FROM EMBRYO ENGINEER TO COUNTRY DOCTOR

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Plowing at the 1951 Miami Valley Threshers Reunion. The engine is a Case 65, Gilbert Enders as engineer, Elmer Egbert as steersman and Jack Egbert as plowman. Mr. Egbert says he has bought a 6 bottom plow for this years Reunion
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M.D. Cornell, Illinols

Part III

Rural communities provide many opportunities for a good life
along with the many hardships. Among these are the associations
found in different church, political, fraternal and professional
groups.

As to church affiliation, I am a Methodist because my mother
was.

Politically, I am a member of the party that elected Lincoln,
freed the slaves, put down the rebellion, re-united the States, and
established our Nation’s financial credit above that of any
other country in the world.

Fraternally, I am a member of the Independent Order of Odd
Fellows; the Modern Woodman; the Ancient Free and Accepted Masons;
the Knights Templar; the Mystic Shrine; the Order of the Eastern
Star; and the While Shrine of Jerusalem.

The Star and the White Shrine include both men and women in
their membership. This gave my wife and me opportunity to share in
our associations with its members. We served in various offices;
she as Worthy Matron of the Eastern Star, and as Worthy High
Priestess in the Shrine; I, as Watchman of the Shepherds.

Professionally, I am a member of the American Medical
Association and of Emeritus Membership of the Illinois State
Medical Society, and of the Livingston County Medical Society.

VACATIONS

Several different summers we were able to get away on a little
vacation and sightseeing tour of various parts of the United
States. Our first trip was through the west. We visited the usual
scenic spots of the Black Hills, Pike’s Peak, the Rockies,
Yellowstone Park, and a Colorado Dude Ranch. One summer we actually
took that long-delayed Niagara Falls trip. From there we went on to
Collaner, Ontario, to see the famous Dionne quintuplets born on my
birthday. It was my privilege to visit with Mr. Dionne, with the
two midwives, and with Dr. Dafoe. In later years my wife and I
enjoyed several winter vacations in Florida.

COUNTY CORONER

The years 1936-1940, I served as coroner of Livingston County.
This office brought me into contact with various local, state, and
federal government leaders, all of whom I thoroughly enjoyed.

However, with these added duties to my regular practice, I began
to slow down in strength, and to find myself confined more to
office calls than to the active practice I had formerly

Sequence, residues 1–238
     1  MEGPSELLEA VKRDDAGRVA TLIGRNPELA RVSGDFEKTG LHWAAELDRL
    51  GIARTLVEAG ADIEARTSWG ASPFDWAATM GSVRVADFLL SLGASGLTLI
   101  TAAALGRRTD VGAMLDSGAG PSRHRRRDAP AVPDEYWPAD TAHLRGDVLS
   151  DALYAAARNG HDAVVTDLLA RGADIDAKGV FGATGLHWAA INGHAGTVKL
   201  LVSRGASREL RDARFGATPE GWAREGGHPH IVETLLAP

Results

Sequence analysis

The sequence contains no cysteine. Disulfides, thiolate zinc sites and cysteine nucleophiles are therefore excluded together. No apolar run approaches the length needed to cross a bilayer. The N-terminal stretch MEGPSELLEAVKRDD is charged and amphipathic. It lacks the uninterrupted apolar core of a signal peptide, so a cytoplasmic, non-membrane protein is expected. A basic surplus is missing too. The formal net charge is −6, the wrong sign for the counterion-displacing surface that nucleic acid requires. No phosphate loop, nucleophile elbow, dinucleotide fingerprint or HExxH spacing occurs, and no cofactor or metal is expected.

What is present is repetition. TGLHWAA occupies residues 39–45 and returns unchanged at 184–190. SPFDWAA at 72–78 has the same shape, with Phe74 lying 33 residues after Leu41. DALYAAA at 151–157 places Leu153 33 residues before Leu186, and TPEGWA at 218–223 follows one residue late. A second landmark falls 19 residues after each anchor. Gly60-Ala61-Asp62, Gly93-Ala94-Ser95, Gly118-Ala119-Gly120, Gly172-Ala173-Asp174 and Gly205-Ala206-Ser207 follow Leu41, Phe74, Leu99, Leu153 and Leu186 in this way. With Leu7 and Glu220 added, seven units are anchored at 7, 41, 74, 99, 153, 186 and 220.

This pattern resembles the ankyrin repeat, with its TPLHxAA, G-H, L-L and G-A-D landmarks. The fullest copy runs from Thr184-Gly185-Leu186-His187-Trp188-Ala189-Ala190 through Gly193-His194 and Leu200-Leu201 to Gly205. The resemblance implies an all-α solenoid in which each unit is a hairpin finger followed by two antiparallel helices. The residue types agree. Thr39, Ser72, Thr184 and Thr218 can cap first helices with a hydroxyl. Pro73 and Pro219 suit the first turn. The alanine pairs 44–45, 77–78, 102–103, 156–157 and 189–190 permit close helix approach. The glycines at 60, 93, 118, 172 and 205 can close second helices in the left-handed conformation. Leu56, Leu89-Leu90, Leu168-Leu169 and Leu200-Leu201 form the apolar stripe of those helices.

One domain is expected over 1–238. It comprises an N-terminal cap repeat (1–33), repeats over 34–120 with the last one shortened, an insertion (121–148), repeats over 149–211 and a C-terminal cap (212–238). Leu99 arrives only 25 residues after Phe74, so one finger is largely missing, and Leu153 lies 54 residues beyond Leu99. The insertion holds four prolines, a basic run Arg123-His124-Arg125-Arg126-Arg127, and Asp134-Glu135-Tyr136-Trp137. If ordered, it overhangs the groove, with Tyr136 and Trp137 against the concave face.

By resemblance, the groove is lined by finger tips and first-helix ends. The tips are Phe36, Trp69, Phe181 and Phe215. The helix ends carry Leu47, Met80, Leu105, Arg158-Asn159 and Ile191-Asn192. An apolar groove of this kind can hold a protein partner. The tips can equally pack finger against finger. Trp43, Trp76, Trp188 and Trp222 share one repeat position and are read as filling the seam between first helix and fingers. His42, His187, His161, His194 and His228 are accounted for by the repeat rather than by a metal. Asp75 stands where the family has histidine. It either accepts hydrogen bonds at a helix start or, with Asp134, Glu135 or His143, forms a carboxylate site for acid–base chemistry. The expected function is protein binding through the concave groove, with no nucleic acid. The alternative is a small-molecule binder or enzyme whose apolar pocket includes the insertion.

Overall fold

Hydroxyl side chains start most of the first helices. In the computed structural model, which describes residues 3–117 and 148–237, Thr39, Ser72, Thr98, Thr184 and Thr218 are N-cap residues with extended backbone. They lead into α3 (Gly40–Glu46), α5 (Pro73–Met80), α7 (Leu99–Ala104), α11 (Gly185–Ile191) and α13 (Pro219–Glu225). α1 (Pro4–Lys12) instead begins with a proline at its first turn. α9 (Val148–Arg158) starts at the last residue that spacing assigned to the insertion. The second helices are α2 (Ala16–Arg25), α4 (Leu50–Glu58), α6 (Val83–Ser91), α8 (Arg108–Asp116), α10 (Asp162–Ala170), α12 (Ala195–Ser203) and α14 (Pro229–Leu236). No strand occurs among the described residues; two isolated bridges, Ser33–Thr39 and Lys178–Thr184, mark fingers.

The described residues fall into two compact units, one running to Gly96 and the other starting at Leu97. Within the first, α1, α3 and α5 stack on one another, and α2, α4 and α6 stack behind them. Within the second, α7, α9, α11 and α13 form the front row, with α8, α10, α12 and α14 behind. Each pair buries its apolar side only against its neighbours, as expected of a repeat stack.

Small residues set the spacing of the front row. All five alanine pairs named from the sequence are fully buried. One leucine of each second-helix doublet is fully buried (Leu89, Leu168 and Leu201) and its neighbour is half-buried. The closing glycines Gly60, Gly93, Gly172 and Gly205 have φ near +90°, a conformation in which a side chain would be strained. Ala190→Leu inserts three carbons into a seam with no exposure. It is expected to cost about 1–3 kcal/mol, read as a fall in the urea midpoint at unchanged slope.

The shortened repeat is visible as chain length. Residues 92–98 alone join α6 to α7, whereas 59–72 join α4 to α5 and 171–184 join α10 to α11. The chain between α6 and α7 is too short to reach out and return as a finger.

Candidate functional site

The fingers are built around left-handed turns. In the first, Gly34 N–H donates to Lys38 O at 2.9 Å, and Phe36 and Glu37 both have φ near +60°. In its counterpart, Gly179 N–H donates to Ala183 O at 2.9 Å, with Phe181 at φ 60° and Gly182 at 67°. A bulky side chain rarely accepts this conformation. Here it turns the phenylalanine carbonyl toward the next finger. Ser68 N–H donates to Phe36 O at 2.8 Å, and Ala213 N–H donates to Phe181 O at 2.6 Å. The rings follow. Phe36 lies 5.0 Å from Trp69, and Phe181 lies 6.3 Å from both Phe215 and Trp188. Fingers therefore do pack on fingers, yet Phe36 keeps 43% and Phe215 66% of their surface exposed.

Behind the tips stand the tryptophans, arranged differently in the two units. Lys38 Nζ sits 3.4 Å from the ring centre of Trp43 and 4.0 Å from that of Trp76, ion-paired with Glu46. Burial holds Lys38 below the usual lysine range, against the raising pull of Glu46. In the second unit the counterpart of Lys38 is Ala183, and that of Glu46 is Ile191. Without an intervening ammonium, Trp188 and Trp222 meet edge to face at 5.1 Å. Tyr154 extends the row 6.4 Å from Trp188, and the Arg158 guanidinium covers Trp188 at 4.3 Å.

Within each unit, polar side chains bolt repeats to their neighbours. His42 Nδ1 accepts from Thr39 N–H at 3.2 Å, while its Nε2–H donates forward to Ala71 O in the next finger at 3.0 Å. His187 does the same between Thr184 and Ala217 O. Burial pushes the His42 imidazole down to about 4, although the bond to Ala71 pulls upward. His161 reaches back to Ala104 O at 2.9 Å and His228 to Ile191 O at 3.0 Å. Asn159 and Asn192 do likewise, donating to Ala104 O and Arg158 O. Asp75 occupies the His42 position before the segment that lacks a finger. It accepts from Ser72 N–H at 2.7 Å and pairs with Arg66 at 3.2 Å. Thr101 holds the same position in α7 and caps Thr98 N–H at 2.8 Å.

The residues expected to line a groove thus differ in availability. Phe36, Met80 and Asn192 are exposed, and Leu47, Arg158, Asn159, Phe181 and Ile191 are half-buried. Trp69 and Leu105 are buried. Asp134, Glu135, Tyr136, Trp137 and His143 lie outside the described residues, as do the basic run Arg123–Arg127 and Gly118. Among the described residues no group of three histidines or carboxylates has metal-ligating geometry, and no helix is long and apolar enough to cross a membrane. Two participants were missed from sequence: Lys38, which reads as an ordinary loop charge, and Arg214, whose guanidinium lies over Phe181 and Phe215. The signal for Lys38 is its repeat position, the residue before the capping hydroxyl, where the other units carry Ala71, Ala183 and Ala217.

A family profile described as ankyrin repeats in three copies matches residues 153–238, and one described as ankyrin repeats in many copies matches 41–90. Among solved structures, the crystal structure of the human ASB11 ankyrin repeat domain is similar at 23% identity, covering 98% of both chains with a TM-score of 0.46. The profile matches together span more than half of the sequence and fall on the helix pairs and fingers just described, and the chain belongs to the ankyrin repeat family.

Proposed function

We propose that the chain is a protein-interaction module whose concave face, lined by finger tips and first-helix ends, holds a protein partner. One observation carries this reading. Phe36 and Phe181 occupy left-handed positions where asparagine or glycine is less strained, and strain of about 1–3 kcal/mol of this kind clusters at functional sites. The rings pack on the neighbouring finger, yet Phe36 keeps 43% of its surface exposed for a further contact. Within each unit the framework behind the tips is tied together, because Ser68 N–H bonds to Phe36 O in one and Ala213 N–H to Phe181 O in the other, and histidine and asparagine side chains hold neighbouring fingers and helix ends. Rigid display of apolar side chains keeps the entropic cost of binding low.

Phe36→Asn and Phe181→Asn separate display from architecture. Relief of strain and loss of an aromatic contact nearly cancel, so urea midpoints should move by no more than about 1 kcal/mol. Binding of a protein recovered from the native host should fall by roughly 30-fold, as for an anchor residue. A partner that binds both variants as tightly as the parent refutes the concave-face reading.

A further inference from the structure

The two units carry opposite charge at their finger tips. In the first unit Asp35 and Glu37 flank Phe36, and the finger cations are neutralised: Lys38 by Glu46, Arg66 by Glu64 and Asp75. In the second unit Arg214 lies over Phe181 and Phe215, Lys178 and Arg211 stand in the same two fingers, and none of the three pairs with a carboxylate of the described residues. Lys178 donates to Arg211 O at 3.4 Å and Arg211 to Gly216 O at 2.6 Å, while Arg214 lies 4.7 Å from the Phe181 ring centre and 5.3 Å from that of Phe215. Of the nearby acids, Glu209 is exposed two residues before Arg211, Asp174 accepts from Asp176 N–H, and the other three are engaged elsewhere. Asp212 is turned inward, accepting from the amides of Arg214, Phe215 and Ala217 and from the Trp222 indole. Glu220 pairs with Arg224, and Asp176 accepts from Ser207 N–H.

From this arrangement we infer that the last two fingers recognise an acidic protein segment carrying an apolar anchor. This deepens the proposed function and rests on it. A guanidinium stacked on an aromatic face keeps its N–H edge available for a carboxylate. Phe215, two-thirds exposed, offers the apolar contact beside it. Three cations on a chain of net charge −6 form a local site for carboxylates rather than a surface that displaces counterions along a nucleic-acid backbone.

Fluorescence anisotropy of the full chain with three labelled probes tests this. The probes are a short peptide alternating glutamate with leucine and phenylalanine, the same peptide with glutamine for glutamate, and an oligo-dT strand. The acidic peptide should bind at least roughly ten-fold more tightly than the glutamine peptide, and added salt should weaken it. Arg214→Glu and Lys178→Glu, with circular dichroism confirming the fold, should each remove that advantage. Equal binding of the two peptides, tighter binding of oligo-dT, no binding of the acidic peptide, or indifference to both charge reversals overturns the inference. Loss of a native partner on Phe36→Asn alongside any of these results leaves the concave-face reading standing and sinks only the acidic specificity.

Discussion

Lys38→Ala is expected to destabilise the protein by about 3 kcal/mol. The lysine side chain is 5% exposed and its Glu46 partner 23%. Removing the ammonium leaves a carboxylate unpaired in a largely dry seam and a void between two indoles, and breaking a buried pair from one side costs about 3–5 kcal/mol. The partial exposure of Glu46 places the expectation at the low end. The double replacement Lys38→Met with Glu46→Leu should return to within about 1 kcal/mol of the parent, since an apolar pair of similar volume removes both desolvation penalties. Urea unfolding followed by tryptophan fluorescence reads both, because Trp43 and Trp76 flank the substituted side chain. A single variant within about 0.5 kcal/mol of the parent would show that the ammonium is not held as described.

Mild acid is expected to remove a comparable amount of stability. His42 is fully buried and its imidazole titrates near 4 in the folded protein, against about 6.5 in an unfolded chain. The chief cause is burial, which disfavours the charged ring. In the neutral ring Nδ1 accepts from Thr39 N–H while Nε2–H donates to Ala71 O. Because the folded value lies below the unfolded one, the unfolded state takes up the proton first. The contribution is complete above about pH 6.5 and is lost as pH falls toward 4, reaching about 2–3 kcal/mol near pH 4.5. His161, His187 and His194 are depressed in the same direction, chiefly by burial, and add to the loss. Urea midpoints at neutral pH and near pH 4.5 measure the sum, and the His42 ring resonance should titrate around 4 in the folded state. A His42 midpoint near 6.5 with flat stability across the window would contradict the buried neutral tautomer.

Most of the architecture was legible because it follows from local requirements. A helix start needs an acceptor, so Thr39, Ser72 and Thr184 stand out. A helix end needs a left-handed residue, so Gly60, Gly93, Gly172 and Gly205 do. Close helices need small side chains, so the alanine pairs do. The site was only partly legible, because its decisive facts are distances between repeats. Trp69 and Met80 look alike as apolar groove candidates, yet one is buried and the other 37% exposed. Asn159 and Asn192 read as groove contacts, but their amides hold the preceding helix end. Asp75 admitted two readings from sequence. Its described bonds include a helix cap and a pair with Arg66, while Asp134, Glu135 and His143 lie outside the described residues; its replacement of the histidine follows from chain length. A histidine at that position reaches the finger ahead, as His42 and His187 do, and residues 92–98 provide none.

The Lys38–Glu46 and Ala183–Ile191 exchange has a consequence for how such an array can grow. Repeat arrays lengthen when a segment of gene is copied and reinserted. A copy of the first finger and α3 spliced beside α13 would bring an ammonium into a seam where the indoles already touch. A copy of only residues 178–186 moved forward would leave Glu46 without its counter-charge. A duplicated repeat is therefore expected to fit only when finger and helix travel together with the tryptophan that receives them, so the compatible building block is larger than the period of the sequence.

preferred.

HEART ATTACK

On November 13, 1940, I suffered a severe heart attack of
coronary emboli. After six months as a bed patient, I began a slow
partial recovery. The attack marked my last day of office practice.
During the next ten years I also underwent operations for the
removal of a cataract from each eye. Arthritis, too, has joined the
series of physical difficulties.

INTEREST IN MEDICAL PROGRESS

With the aid of radio, contacts with colleagues, and friends, I
have kept interest in the swift advance in medicine and changes in
our way of life. Both have interacted to make the place of the
country doctor as I had known it, passe.

World War II took many of the young physicians, and the ones
available for general practice did not care to buffet the air ships
of a rural practice without the services of a well equipped
hospital. Few, if any, of the obstetric deliveries are made in the
homes today. The wonder drugs: the sulfas and the biotic, have
revolutionized the old methods of medical treatments. New and
improved mechanical devices have become efficient in both diagnosis
and treatment.

An almost complete hard road system through the country and the
more dependable cars are a big improvement over the roads of
several decades ago. I recall that in addition to our family cars,
I really wore out approximately 20 autos in my rural practice. At
least ten of these cars were Model T Fords. The old solid tire was
among my mud-fighters, too.

Here is a good picture of the up and down type Saw Mill. This
mill was established during or right after the Civil War. Water was
the source of power and the saw a blade operated by a pitman. A
thousand feet of lumber was considered a good day’s work. Later
when the water dwindled a stationary engine supplied the power. By
1920 the old mill sagged at all the corners and in the middle and
was so badly worn that it refused to do any more work; so the owner
engaged my father to saw what logs remained there. The old mill
finally crumbled to ruins. It seems sad to think that no one
thought of preserving the old historical landmark to honor these
pioneers who did so much to develop this part of Wisconsin.
Clarence Mirk, 2362 N. 85St., Milwaukee 10, Wis.

CALL OR CAB?

Recalling mud roads brings to mind a little incident to break a
doctor’s routine. One stormy night when I answered a knock at
the door, I found a rather anxious appearing man who greeted me by
asking, ‘What do you charge to make a trip out to the Tom
Smith’s.’

I answered, ‘Five dollars for a night call.’

He then asked if T could go immediately, and I told him I’d
be ready in a few minutes. When I got out to my garage, I found him
waiting for me. He asked if he might ride along. Always liking
company on those lonely night trips, I told him I’d be glad to
have him.

When we reached the Smiths, the man got our first and then
handed me five dollars. In surprise, I asked, ‘But where is the
patient?’

He answered, ‘There isn’t any. I have come on an
unannounced visit to see my sister, and since the taxicab would
charge me ten dollars to make the trip, I thought I’d take your
services instead.’

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